FIGURES from the Urban Redevelopment Authority (URA) show that private home prices shot up 31.2 per cent last year – way up from 10.2 per cent in 2006 and very close to the spurt seen in the 1996 peak year.

High-end property prices have far exceeded the 1996 peak while mid-tier homes are on a par, noted one market watcher.

Mass market property is a different story. Prices are still below the last peak and good buys could pop up, Mr Ku said.

This segment remains supported by HDB resale flat prices, which rose 17.5 per cent last year, the fastest growth seen since prices shot up by 25 per cent in 1996.

Buyers need to do their homework and look for properties in ‘good’ locations, with easy access to public transport. They could consider fairly new, completed condominiums near an MRT station, said Mr Ku.

They might even look at suburban landed homes, said Mr Ku, who feels those in the Upper Thomson Road to Mandai Road stretch are still undervalued.

As for new mass market launches, the 99-year leasehold Waterfront Waves in Bedok Reservoir has done fairly well. Eighty of the 148 units have been sold. Prices remain at $690 to $870 per sq ft.

‘I think buyers are slowly gaining the upper hand – if they do not already have it,’ said Chesterton International’s head of research and consultancy, Mr Colin Tan. ‘For every buyer, there are many sellers right now. But their expectations are different, there is still a wide gap in between and no sales are taking place.’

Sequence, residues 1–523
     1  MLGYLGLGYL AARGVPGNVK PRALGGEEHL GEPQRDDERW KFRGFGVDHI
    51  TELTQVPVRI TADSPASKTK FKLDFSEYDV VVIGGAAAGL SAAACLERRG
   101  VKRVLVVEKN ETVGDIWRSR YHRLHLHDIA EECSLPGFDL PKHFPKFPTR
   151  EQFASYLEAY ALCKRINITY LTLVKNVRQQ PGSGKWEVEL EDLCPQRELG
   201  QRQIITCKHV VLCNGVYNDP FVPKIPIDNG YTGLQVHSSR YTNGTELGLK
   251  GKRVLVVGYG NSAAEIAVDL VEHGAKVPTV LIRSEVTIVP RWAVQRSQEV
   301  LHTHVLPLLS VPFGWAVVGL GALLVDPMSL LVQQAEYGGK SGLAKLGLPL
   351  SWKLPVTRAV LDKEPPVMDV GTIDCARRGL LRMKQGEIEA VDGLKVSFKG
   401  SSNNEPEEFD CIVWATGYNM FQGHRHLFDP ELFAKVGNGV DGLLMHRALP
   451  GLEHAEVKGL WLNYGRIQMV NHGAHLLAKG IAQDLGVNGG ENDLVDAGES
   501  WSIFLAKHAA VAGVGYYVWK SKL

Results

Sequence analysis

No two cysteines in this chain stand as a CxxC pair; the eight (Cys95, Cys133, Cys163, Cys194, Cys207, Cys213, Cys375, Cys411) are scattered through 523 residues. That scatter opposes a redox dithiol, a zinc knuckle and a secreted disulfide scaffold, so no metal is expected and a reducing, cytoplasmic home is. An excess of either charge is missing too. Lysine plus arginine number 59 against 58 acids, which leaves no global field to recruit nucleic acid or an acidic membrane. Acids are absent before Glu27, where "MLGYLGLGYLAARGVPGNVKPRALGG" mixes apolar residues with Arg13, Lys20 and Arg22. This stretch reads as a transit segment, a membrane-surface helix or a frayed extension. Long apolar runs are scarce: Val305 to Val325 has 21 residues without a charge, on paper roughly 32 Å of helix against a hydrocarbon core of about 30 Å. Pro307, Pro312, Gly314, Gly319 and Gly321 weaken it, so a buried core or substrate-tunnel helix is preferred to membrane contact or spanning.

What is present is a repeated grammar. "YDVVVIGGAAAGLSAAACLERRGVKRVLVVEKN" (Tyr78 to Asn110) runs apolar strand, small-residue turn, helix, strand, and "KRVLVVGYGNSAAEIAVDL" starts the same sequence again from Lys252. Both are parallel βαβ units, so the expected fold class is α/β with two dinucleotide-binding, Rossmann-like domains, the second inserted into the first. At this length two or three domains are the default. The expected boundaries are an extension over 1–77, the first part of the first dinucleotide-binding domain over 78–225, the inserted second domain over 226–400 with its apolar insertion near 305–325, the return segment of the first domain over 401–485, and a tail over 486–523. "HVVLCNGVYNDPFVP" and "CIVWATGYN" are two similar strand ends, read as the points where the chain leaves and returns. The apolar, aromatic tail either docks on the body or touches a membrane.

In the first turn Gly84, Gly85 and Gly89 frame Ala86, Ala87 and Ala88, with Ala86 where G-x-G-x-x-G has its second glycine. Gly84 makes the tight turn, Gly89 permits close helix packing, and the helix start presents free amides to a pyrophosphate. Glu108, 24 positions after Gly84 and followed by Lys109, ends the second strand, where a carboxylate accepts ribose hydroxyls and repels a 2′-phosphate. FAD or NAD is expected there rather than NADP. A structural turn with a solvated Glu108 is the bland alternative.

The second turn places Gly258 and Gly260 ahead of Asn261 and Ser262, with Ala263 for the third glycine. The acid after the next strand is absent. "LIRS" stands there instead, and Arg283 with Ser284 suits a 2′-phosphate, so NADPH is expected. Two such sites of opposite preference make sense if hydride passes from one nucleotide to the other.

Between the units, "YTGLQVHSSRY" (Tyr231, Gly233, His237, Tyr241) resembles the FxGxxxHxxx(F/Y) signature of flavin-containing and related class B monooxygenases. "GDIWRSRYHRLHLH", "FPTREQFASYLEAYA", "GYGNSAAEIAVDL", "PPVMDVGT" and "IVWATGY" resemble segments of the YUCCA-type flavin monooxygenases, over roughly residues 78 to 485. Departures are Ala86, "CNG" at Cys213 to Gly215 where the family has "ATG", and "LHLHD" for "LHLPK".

Nevertheless, if the stand-off lasts longer than expected, some developers and sellers could panic and slash prices so as to draw in buyers, said market watchers.

These are likely to be the very small developers or new entrants facing a credit crunch, they said.

‘Singapore’s property market is still bullish. The external factors affecting it are actually good because they have stopped the market from overheating,’ said a seasoned property investor.

‘Developers were selling at tomorrow’s prices. Now, they might have to ask for today’s prices.’

Source : Sunday Times – 3 Feb 2008

Singaporeans and foreigners gain from job boom

Filed under: About Singapore,Facts & Figures,Regulators,Singapore Economy — Propertymarketupdates @ 11:15 pm

THE economy grew so fast last year it created a record-busting 236,600 jobs, with six in 10 of them going to foreigners as there were not enough locals to fill all the openings.
That is up from the 2006 figure of five in 10 jobs going to foreigners.

The Manpower Ministry said in its statement yesterday that both Singaporeans and foreigners gained from the job boom.

The number of new jobs that went to locals rose last year to 92,100, up from 90,900 in 2006.

But foreign employment soared to 144,500 last year.

The services sector was the main engine of growth, adding 144,100 jobs. Most of these were in the financial and professional services. The construction sector grew by 40,900 jobs, double that of the previous year, and manufacturing by 49,400.

At the same time, the overall unemployment rate fell to a 10-year low of 2.1% last year. On average, 56,900 Singaporeans and permanent residents were unemployed last year, down from 67,600 in 2006.

Retrenchment dipped to a 14-year low, with 7,200 workers laid off, the bulk from manufacturing. The ministry said that reflected the ongoing restructuring in the electronics industry.

National University of Singapore labour economist Park Cheolsung said it was unsurprising that in such a buoyant labour market, a larger share of the new jobs went to foreigners.